Tomorrow’s forecast reads, “High of 56, and rain.” Severe weather outlooks have been posted.
Beware: Winter ahead.
But tonight, I can see the moon. She pours silver over the horses’ backs, and I can just make out the stamp of my saddle, still etched on Consolation’s coat.
I’ve ridden nearly every evening these past weeks, changing straight from skirts to breeches the moment I get home. It is not Indian summer, for our nights fall just shy of frost, but each day passes in a certain shade of bright. Like diamonds they glisten all around, deceptive, visibly warm yet sharp to touch.
Tonight, the air is crisper still, keen as a knife blade sheathed in the horizon ringed with clouds. Breeze clatters the aspen, shocking against ice-blue sky. Along the roadside, tawny stalks of corn beseech the rain that will come tomorrow and stain their leaves with gray.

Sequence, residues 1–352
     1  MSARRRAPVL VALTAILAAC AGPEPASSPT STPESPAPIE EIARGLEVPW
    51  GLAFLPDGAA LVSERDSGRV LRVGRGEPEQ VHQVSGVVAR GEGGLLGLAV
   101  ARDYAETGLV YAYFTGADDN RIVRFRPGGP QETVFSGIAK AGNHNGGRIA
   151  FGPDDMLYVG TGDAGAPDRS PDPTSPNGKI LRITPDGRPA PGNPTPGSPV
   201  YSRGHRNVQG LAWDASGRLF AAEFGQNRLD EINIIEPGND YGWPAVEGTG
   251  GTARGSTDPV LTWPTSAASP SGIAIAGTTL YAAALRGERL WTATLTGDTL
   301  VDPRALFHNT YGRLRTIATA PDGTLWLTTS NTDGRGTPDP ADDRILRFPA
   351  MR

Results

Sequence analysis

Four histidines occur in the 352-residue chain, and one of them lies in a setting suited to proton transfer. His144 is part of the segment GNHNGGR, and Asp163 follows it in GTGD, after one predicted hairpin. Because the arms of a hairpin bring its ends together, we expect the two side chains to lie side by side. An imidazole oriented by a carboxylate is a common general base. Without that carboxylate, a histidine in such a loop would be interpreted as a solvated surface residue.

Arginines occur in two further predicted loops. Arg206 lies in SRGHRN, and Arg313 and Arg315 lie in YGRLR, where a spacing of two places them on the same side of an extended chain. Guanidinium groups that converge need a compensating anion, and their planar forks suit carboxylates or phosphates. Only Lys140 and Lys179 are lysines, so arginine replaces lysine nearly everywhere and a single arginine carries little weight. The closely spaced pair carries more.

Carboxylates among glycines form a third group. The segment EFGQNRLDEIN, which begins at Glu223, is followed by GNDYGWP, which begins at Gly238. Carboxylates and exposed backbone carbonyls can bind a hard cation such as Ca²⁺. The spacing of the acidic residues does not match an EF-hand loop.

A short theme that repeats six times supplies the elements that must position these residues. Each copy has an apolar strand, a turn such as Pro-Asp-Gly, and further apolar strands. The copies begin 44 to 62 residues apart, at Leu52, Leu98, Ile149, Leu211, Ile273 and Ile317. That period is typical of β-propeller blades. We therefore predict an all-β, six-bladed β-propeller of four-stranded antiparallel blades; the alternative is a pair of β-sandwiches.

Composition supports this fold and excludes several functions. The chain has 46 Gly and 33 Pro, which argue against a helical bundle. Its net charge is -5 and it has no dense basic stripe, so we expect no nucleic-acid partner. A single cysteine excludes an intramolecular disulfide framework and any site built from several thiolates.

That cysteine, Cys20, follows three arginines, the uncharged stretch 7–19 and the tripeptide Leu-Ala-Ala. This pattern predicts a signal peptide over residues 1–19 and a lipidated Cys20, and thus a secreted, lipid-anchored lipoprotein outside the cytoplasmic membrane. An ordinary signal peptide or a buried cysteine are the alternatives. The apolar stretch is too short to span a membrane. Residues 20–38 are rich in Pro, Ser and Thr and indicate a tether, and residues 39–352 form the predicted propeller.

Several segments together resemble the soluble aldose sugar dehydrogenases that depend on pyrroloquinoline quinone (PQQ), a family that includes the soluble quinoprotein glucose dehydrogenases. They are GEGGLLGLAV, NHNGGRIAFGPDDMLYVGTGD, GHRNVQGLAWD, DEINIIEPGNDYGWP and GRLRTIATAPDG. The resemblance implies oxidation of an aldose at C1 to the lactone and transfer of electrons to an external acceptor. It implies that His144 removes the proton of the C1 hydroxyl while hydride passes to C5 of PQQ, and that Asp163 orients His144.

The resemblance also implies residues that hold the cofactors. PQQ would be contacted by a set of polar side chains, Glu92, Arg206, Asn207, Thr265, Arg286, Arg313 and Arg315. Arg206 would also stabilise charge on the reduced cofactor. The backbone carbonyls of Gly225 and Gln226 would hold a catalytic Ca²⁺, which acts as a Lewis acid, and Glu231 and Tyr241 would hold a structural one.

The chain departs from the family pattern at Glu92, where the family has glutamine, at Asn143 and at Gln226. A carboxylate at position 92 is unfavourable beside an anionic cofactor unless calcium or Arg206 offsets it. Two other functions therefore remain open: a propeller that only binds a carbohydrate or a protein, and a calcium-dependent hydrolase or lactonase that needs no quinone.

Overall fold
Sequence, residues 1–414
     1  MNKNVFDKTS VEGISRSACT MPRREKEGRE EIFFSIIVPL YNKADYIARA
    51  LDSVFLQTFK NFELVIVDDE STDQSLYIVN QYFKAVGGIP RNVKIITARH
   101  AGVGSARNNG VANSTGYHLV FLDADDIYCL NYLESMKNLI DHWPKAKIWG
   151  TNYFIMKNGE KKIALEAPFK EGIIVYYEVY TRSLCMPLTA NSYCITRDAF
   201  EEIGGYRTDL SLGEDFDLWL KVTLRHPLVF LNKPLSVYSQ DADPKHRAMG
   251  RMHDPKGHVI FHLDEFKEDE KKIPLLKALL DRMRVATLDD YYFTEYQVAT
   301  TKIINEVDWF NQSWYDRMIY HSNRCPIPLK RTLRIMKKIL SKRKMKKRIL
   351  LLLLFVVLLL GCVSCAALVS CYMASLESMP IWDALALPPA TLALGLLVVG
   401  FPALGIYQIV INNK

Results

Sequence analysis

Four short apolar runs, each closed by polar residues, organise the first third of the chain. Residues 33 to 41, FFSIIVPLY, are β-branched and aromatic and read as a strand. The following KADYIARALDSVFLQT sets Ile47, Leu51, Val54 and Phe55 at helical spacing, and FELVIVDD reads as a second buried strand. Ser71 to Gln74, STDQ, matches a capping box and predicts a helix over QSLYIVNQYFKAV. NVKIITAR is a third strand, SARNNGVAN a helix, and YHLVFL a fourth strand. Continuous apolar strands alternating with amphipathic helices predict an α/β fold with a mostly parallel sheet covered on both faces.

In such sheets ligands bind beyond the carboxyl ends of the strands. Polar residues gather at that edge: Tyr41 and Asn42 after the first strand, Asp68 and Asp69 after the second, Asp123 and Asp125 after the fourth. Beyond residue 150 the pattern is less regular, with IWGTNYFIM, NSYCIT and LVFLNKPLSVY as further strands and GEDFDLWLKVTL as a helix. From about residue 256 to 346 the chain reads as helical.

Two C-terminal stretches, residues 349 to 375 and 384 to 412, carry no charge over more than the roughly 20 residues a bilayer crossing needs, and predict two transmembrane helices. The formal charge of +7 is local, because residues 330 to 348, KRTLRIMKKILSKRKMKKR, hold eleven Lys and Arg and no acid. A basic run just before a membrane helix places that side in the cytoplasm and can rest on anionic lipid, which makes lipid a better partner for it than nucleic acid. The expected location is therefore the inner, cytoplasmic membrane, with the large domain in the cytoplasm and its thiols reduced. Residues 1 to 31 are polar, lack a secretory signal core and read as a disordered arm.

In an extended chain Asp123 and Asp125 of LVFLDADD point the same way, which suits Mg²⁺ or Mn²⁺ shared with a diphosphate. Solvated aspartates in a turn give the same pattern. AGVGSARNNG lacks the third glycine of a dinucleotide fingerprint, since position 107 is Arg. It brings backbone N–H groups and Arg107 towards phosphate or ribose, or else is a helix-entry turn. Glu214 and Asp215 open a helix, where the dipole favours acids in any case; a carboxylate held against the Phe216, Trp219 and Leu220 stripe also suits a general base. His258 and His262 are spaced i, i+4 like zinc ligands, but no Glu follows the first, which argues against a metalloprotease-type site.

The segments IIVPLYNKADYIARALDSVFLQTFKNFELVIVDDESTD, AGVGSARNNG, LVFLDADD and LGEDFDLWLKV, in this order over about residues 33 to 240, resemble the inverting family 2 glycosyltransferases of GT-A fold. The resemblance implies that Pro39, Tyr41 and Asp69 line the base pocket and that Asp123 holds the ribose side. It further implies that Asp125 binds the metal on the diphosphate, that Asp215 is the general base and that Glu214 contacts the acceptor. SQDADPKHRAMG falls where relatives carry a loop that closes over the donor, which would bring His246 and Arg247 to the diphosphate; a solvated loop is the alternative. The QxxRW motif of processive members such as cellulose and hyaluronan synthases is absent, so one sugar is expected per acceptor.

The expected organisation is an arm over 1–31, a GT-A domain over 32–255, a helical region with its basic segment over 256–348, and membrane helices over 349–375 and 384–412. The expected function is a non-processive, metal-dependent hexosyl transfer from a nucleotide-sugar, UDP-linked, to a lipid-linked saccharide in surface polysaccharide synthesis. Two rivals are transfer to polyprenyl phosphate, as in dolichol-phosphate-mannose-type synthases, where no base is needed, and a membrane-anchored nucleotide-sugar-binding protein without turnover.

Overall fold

Our rides have been slow, of late. We’ve been soaking autumn deep beneath our skins. But today, we fly. There isn’t speed like this, nor grace, in a thousand fish or swooping birds!
This ride, of course, is bittersweet. It feels like pulling tomato vines and basil in October, a heartbeat before they wither black with cold. Their scent is redolent of summer. It lingers on my hands, and I am loath to rinse it off come dark.
In just that way, I sense the final moments of sunlight on bare arms, of Consolation’s sweat on ungloved palms. Perhaps she feels it, too. She is so powerful, so eager, I cannot not bear to capture her by heel or rein. She flows smooth as water over stones; I am nothing to her glory.
We canter miles until, at last, the sun catches up her train of heat and plunges to earth. Consolation asks for her head. I give it gladly, and together we chase the final, golden drop of summer, borne on a gallop to the very edge of day.